What are the processes that run after a wake-up from deep sleep?

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appels
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What are the processes that run after a wake-up from deep sleep?

Post by appels » Mon Jan 11, 2021 1:21 pm

Hi,

I'm doing a thesis on the power consumption of MicroPython VS Arduino.
As a test I wrote a program that wakes the microcontroller up and puts it back to sleep (with a timer for 1s) and just keeps on doing this.
I used an ESP32_DevKitC_V4 with the WROOM-32 module.

This is the Arduino code:

Code: Select all

void setup() {
  esp_sleep_enable_timer_wakeup(1000000);
  esp_deep_sleep_start();
}

void loop() {}
And this is the MicroPython code:

Code: Select all

import machine
machine.deepsleep(1000)
When I measure the current (with an otii arc) I get a recurring pattern of the current doing something when the microcontroller is active and then the current being low and constant for 1 second during the deep sleep. When I zoom in on one active region I get the following graph (green = Arduino and red = MicroPython):

Image

Some notes:
- I wrote some letters in yellow on the image to refer to later.
- The deep sleep current is the same for both Arduino and MicroPython: 2.8 mA
- With the Arduino code it's active for 190 ms
- With the MicroPython code it's active for 690 ms
- I know that the code that I wrote only starts being executed µs before it goes back to sleep. (So right before D with Arduino and right before H with MicroPython) I know this because I tested this by adding some delay in the code before going to sleep and I would always see this graph + the delay in the active region.


My questions:
- In the beginning (from A to C) the current is the same. Is this because the microcontroller is in the bootloader? And if so does the bootloader stop at point C or point B (or another point).
- Why has the Arduino code a higher (max) current draw then the MicroPython code? (between C and D)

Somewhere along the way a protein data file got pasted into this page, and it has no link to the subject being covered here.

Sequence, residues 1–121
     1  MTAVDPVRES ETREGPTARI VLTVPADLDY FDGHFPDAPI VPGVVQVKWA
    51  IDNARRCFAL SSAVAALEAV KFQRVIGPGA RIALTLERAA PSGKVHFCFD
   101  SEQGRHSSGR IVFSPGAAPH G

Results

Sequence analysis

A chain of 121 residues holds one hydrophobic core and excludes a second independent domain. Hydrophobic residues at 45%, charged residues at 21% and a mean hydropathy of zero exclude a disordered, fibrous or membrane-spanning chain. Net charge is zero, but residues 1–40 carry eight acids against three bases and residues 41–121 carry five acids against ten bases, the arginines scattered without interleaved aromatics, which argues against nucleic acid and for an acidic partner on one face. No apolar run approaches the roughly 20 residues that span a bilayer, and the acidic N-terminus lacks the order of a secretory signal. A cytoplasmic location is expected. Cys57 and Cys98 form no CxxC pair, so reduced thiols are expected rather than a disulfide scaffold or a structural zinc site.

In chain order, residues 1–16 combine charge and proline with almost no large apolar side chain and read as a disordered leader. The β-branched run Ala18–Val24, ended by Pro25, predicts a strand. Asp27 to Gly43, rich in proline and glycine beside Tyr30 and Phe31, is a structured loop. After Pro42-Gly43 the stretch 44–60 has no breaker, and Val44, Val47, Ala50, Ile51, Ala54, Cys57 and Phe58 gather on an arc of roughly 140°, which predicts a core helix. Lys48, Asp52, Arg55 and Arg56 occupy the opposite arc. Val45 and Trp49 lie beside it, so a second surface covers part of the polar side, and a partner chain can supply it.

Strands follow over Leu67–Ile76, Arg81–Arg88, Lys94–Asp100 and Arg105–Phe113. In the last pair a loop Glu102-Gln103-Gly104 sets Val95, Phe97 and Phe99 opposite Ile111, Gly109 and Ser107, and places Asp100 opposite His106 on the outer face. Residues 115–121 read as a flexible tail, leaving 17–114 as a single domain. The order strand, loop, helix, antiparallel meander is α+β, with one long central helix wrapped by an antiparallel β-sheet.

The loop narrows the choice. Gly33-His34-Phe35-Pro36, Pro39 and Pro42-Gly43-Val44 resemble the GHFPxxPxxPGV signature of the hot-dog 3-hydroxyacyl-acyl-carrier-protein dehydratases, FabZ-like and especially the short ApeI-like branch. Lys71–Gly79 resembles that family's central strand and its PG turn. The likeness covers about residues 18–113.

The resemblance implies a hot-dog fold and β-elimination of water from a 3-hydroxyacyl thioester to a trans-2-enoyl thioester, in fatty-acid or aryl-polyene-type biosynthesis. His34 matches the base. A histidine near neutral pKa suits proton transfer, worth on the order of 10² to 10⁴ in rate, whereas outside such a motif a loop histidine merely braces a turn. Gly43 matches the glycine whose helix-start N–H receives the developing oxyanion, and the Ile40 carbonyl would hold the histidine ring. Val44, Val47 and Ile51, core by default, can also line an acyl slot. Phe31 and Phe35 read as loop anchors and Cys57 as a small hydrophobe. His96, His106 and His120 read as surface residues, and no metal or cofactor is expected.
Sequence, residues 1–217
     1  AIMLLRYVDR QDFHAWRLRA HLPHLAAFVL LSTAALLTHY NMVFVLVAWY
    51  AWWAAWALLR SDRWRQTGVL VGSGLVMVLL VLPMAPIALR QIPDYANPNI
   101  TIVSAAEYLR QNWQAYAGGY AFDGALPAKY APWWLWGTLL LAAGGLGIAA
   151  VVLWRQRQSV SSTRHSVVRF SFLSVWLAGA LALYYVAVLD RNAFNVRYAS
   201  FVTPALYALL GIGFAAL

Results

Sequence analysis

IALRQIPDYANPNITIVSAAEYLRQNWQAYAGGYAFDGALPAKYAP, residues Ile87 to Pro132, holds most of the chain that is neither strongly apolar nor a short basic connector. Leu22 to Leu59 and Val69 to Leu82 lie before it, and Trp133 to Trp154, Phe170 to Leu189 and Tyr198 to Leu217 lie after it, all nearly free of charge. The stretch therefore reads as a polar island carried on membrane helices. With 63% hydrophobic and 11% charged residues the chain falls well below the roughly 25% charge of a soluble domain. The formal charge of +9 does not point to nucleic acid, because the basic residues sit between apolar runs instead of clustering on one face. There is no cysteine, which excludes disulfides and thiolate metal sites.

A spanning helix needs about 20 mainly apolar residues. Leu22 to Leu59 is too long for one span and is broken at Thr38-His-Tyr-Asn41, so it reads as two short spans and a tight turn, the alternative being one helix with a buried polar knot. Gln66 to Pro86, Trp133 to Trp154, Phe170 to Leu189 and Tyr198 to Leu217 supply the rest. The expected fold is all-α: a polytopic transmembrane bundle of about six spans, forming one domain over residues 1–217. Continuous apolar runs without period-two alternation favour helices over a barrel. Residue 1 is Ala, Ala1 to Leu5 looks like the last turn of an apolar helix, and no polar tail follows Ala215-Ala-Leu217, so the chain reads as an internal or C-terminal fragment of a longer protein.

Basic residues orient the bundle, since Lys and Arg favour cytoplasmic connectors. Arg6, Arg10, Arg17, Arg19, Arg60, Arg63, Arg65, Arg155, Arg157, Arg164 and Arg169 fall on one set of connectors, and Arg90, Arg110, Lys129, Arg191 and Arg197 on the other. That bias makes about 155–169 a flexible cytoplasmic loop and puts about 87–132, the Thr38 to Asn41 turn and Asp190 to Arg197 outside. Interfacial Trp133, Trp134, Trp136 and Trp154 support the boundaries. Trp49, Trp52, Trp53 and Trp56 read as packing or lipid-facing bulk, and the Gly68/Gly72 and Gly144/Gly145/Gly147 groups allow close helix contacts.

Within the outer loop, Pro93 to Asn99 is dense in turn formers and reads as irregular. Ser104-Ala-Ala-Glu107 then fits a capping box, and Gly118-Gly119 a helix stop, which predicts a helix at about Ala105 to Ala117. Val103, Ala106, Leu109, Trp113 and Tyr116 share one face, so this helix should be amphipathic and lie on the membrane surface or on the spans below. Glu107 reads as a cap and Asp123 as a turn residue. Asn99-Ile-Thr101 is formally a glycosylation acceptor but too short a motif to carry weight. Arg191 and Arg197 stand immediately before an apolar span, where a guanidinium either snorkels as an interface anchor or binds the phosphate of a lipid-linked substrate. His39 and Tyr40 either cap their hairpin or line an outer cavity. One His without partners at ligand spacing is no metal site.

Most importantly:
- What processes are ran after the bootloader and before the (user) code is executed? And is it possible to determine when these start and stop on the graph?


Thanks in advance!

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jimmo
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Re: What are the processes that run after a wake-up from deep sleep?

Post by jimmo » Mon Jan 11, 2021 11:46 pm

appels wrote:
Mon Jan 11, 2021 1:21 pm
My questions:
- In the beginning (from A to C) the current is the same. Is this because the microcontroller is in the bootloader? And if so does the bootloader stop at point C or point B (or another point).
Yes, not just the bootloader, but also the initialisation code for FreeRTOS.

Yes, any "application" built for the ESP32 with the ESP-IDF is actually just a small part of the overall firmware image.

Unlike (say) STM32, where MicroPython runs "bare metal", on ESP32 it's just a task being run by FreeRTOS.

The question you're really asking is "where is the point where "app_main" starts running (i.e. the point where ESP-IDF transfers control to the application).

I would recommend setting a pin high at the very start of app_main (on both MicroPython and Arduino) and you can confirm this. I would also strongly recommend adding a third comparison -- an app built directly with the IDF (e.g. one of their sample apps).